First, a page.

Newton's second law and Springs

Spring Force is F = -kx
So, because the force is not constant, the acceleration is also not constant..

How then can we apply Newton's second law: F = mass x acceleration to springs?

WannabeNewton
There is no restriction that newton's second law must have constant acceleration. You can have a varying acceleration and if you solve $F = m\frac{\mathrm{d} ^{2}x}{\mathrm{d} t^{2}}$ you can get the resulting varying force. For a spring, the potential is $v(x) = \frac{1}{2}kx^{2}$ and $F = -\frac{\partial V}{\partial x} = m\frac{\mathrm{d} ^{2}x}{\mathrm{d} t^{2}}$ so $m\frac{\mathrm{d} ^{2}x}{\mathrm{d} t^{2}} = -kx$. Acceleration doesn't have to be a constant; it could be given as some varying function of time and the varying spring force would follow suit.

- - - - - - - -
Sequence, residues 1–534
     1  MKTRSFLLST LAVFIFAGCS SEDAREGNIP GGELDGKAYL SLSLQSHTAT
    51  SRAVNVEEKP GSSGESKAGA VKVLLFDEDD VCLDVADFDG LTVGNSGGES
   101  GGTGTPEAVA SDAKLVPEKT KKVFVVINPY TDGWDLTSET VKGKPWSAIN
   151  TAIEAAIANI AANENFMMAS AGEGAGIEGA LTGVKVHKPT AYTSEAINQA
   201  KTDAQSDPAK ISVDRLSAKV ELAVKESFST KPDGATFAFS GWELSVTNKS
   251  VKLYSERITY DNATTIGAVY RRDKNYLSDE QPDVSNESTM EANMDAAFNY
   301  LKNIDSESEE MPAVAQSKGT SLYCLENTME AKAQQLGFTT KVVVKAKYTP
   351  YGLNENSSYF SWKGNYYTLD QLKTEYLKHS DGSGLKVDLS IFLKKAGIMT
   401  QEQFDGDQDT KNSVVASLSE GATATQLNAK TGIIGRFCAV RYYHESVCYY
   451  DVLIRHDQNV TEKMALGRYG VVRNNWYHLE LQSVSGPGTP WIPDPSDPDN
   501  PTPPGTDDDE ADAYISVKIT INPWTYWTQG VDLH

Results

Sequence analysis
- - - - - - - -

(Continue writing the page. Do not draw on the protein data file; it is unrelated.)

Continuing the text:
Matterwave
Gold Member
We note that acceleration is the second derivative of the position function. Our position function is x(t), so that v(t)=dx(t)/dt and a(t)=dv(t)/dt. Now Newton's law tells us:

$$F=-kx(t)=m\frac{d^2 x(t)}{dt^2}$$

Which is a second order differential equation that we have to solve (we need 2 initial conditions to completely solve this).

$$F=-kx(t)=m\frac{d^2x(t)}{dt^2}$$

If you were to bring the mass on the spring to an initial displacement and let it go, you could figure out the position function x(t) by solving that differential equation:

$$x(t)=x_0~cos(\omega t+\phi )$$

Where:

$$\omega^2=\frac{k}{m}$$

makes sense thanks!